Although we address these questions in the context of language processing, most of our points are pretty general. We aim to provide intuitions about the notions of distribution, prediction, distributional/statistical learning and adaptation. We walked through examples of belief-updating, intentionally keeping our presentation math-free. Perhaps some of the slides are of interest to some of you, so I attached them below. A more in-depth treatment of these questions is also provided in Kleinschmidt & Jaeger (under review, available on request).
Comments welcome. (sorry – some of the slides look strange after importing them and all the animations got lost but I think they are all readable).
It was great to see these notions discussed and related to ERP, MEG, and fMRI research in the three other presentations of the symposium by Matt Davis, Kara Federmeier and Eddy Wlotko, and Gina Kuperberg. You can read their abstracts following the link to the symposium I included above.
Post-doctoral position available (speech perception, language comprehension, implicit distributional learning, inference under uncertainty, hierarchical predictive systems)
The Human Language Processing (HLP) Lab at the University of Rochester is looking for a post-doctoral researcher interested in speech perception and adaptation. Possible start dates for this 1-3 year position range from mid August 2014 to mid June 2015 (the current post-doctoral researcher funded under this grant will leave HLP lab in late August to start a tenure-track position in Psychology at the University of Pittsburgh). International students are welcome to apply (NIH research grants are not limited to nationals).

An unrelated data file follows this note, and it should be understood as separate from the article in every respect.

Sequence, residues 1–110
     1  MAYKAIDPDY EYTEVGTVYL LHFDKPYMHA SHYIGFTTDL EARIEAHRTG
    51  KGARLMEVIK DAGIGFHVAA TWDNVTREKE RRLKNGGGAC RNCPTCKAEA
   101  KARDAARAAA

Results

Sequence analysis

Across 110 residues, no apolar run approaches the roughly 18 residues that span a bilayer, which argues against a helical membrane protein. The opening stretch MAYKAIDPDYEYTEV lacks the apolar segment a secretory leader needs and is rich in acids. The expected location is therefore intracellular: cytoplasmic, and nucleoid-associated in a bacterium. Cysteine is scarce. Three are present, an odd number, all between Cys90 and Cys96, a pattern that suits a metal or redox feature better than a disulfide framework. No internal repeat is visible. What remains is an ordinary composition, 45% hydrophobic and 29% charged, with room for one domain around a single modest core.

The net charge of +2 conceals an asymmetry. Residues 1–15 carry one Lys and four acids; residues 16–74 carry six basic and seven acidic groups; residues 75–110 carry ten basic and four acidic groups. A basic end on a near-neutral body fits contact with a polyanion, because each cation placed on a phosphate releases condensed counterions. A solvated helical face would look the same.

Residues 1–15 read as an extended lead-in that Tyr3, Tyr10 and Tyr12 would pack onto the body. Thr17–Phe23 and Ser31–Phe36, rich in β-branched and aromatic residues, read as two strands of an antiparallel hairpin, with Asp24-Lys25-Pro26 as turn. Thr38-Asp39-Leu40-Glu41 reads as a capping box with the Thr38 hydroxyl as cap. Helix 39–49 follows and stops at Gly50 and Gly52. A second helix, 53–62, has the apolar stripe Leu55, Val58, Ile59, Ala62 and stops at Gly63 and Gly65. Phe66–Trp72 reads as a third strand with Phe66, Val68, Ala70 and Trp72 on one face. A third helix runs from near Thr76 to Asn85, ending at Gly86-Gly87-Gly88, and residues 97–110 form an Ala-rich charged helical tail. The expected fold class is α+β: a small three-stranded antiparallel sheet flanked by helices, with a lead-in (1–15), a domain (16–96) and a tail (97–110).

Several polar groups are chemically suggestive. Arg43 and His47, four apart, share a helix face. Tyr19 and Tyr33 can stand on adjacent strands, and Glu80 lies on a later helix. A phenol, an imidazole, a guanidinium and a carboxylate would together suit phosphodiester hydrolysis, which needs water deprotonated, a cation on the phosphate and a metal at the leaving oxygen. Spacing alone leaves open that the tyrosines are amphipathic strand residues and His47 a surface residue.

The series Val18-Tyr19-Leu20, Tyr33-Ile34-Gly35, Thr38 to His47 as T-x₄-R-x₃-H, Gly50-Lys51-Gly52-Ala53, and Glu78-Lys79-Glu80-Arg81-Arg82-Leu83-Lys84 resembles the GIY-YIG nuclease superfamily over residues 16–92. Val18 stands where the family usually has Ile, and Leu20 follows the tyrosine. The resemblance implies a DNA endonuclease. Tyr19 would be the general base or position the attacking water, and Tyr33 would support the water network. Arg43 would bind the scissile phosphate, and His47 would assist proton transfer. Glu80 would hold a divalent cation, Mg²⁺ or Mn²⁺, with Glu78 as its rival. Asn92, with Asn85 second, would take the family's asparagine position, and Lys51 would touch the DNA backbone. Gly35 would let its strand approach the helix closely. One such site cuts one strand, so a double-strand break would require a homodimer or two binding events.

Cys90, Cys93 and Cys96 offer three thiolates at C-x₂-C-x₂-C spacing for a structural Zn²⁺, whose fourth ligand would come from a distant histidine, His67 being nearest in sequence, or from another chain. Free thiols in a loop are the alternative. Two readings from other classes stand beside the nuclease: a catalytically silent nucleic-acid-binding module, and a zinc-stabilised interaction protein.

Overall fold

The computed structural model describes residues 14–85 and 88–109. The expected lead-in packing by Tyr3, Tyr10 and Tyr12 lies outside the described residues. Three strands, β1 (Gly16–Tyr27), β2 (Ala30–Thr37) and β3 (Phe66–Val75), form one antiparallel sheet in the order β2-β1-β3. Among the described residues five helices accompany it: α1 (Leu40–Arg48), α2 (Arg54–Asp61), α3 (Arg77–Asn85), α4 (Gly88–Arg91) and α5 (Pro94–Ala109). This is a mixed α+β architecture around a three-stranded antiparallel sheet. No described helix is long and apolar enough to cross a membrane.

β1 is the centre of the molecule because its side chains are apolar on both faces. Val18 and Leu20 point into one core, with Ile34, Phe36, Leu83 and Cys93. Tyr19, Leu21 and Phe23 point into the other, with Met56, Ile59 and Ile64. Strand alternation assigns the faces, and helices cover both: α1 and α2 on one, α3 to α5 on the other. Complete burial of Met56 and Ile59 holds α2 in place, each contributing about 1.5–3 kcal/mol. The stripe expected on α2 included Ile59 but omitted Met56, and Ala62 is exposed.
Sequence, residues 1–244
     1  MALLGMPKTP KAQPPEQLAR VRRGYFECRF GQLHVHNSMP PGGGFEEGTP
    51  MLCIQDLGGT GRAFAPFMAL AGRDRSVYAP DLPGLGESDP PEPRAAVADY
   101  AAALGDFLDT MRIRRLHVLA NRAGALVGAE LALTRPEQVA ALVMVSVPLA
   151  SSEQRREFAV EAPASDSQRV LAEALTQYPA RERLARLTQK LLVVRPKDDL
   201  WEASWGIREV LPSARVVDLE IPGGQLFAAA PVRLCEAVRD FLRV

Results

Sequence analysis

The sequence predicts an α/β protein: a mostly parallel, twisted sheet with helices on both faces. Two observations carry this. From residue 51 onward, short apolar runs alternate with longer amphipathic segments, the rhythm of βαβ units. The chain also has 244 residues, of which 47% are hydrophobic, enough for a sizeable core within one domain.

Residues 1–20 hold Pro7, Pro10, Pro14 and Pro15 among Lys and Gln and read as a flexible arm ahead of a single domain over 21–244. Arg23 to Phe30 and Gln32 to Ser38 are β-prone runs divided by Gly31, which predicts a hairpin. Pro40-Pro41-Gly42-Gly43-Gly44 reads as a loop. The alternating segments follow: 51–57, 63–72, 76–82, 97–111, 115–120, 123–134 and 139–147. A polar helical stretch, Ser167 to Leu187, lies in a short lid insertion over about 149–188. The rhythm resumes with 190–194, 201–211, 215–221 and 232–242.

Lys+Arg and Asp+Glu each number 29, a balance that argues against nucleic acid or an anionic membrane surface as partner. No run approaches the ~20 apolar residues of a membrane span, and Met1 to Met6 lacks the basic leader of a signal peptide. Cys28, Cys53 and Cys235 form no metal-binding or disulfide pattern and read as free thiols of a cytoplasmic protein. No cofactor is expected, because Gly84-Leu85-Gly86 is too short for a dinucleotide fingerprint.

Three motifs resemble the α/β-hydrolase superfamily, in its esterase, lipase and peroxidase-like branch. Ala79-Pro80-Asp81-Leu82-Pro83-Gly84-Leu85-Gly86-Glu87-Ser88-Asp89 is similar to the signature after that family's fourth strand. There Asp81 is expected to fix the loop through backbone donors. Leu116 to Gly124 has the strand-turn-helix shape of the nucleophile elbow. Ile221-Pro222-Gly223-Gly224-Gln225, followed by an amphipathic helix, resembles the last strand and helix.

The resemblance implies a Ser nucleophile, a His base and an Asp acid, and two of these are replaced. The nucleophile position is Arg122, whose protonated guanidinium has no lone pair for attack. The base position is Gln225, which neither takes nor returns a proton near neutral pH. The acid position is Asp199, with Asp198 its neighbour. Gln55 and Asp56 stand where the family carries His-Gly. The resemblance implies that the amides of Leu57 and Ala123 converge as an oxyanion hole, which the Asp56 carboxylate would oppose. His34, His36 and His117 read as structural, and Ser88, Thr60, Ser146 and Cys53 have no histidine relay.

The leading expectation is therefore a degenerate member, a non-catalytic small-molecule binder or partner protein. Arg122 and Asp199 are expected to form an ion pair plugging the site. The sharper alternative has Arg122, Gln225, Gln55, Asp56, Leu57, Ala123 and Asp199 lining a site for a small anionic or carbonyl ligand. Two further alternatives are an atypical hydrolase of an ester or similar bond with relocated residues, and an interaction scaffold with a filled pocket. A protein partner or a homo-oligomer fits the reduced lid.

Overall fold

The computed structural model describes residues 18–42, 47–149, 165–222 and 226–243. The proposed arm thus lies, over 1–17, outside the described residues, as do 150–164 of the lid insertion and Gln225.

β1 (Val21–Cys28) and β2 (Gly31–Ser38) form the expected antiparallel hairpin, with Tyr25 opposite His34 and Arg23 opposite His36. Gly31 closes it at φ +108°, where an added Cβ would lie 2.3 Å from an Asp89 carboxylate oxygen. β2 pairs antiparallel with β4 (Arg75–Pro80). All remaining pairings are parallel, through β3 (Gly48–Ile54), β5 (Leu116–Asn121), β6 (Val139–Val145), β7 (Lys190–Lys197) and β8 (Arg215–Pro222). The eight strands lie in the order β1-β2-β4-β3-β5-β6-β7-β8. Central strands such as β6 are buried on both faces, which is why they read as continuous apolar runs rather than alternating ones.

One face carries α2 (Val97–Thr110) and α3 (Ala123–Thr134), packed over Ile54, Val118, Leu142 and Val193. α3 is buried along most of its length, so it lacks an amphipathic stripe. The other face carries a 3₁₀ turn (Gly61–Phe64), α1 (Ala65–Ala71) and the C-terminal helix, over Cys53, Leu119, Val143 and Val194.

We will start reviewing applications mid-June 2014 though later submissions are welcome. Applications should contain (1) a cover letter clearly indicated possible start dates, (2) a CV, (3) research statement detailing qualifications and research interests, and (4) 2 or more letters of recommendation. Applications and letters should be emailed to Kathy Corser (firstname.lastname@example.org), subject line “application for post-doc position (HLP Lab)”.
This is an NIH funded project (NIHCD R01 HD075797), currently scheduled to end in 2018. The project is a collaboration between Florian Jaeger (PI), Mike Tanenhaus (co-PI), Robbie Jacobs and Dick Aslin. We are interested in Read the rest of this entry »